Last year, more than 1,000 students enrolled in Humber College’s Foundations and General Arts and Science (GAS) pathway programs. They are recent high school graduates, mature students, people returning to education after years away, and students who are unsure what program they should start with and want to gain transfer credits. The need for pathway programs has been highlighted by the COVID-19 pandemic and its impact on workforce opportunities.
“With so much change happening, people benefit from education and learning. Regardless of whether an individual knows exactly what to study or their future career path, foundations and GAS pathway programs enable students to have a path and direction,” said April-Dawn Blackwell, associate dean, Pathways, in the Faculty of Liberal Arts & Sciences and Innovative Learning. “They can start moving forward even during the uncertainty of the pandemic and employment opportunities.”
The foundations and pathway programs are about building the skills to succeed in post-secondary. The courses enable students to explore and learn in college and gives students the opportunity to decide – and focus on- the program stream that is best for them.
Specifically, the general arts and sciences programs offer multiple options. The Technology certificate is eight months and unique to Humber. Students can choose courses in IT, Tech, Trades, Programming, Design, among others that are transferable to many programs at Humber in a high-demand job market. Additionally, the College and University Transfer Certificates have up to six transfer credits upon successful completion depending on whether they take the two or four semester program and the future program they choose.
Humber College offers nine foundations and pathways programs. Some programs require students to take an applied psychology class during their first semester.
Blackwell says it is a flagship course.
“They learn about themselves, teams and college services. There’s an assignment where they get to explore what kind of careers they’d like, and it’s marked, so they’re not doing it at home with no guidance. It helps people decide on which careers might work for them and the education needed to reach their goals.”
‘I knew something had to change’
Since high school, Cameron Farrar had been “aimlessly going from job to job,” and wanted to return to school. It had been six years since he had been in a classroom.
“I wasn’t interested in high school,” he said.
“But I knew something had to change, so I bit the bullet.”
Farrar enrolled in the two-year General Arts and Science – University Transfer diploma program at Humber in 2018.
His brother is a Humber College graduate and told Farrar about the pathway/foundational programs.
“I thought, ‘I’ll jump into this program. I’m going to do everything I can, put everything into it.’”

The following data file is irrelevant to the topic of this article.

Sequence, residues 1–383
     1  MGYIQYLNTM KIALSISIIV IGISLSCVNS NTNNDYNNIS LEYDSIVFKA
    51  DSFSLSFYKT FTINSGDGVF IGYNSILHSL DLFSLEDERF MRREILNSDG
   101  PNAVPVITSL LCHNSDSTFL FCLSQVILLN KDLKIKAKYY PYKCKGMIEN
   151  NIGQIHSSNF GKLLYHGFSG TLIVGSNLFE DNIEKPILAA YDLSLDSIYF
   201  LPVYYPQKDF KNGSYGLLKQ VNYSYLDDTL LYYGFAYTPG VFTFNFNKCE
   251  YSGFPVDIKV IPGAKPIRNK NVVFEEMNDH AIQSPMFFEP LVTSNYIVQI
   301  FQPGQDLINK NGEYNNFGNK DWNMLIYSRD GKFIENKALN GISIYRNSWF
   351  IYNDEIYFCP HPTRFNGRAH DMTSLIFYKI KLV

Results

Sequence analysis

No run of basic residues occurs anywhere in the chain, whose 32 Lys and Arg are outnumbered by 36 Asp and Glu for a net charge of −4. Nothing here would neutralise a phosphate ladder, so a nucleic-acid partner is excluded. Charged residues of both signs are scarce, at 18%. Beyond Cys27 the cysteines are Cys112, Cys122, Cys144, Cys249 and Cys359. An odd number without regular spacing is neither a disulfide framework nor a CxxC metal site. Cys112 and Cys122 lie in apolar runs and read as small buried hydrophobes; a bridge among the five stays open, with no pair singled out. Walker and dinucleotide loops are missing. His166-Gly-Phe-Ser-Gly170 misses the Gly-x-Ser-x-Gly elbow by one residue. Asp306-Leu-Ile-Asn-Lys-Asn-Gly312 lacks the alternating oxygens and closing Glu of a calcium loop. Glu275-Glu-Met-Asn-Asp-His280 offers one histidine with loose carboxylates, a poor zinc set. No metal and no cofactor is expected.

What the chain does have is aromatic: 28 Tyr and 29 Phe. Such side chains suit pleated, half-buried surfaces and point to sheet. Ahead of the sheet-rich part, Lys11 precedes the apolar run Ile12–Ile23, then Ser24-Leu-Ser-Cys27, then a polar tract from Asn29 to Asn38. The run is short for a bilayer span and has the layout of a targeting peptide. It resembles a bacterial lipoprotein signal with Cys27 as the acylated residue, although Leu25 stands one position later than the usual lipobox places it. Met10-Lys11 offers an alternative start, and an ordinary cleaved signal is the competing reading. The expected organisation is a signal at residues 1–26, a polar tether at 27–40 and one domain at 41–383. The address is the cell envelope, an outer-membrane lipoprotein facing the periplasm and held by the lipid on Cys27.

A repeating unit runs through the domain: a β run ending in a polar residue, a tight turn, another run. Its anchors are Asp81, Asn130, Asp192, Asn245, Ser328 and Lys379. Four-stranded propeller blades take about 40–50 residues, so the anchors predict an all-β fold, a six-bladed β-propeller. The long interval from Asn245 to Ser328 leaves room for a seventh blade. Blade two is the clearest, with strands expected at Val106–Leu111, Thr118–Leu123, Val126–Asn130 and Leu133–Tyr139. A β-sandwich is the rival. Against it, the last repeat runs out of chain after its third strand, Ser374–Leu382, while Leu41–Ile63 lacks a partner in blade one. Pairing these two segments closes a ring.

He says the potential to transfer course credits from the program to a college or university program either within Humber or at other universities was a selling point of the General Arts and Science courses.
Farrar graduated earlier this year with a University Transfer diploma, then applied and was accepted into the Media Communications program at Humber College. He starts his new program this Fall.
The flagship course Blackwell described still stands out in his memory.
“I got to think about what I was going to do next and find my skills and talents,” said Farrar.
He knew he was a good writer, and soon found himself drawn to visual and written communications.
Now he can see himself working in advertising, marketing, and many other positions within the communications sector.
Two years ago, he wasn’t as confident.
“It was the cherry on top.”
Farrar says that after so many years out of school, he needed positive feedback to feel like he was on the right track. He appreciated the open dialogue he had with professors.
“My professors were really great. They provided me with lots of feedback that I appreciated,” he said.
He looks forward to having the same kind of relationship with his future instructors.
His greatest takeaway, though, is the pride he felt being on the Dean’s Honour List.
"It was the cherry on top," he said.
A spot on the list is a clear sign of success, but not the only one. Farrar’s ability to confidently choose a career path should also be celebrated, says Blackwell.
“It’s so important that students have agency for themselves. We create a space where they’re heard,” said Blackwell.
“Some students have had challenges in front of them that most people wouldn’t have the resilience to overcome. Humber is a place of options and potential, regardless of your past.”
Click the links below to learn more about Humber College’s pathways and foundational certificate programs. Or email GAS@Humber.ca or email@example.com to discuss your options and get started on your path.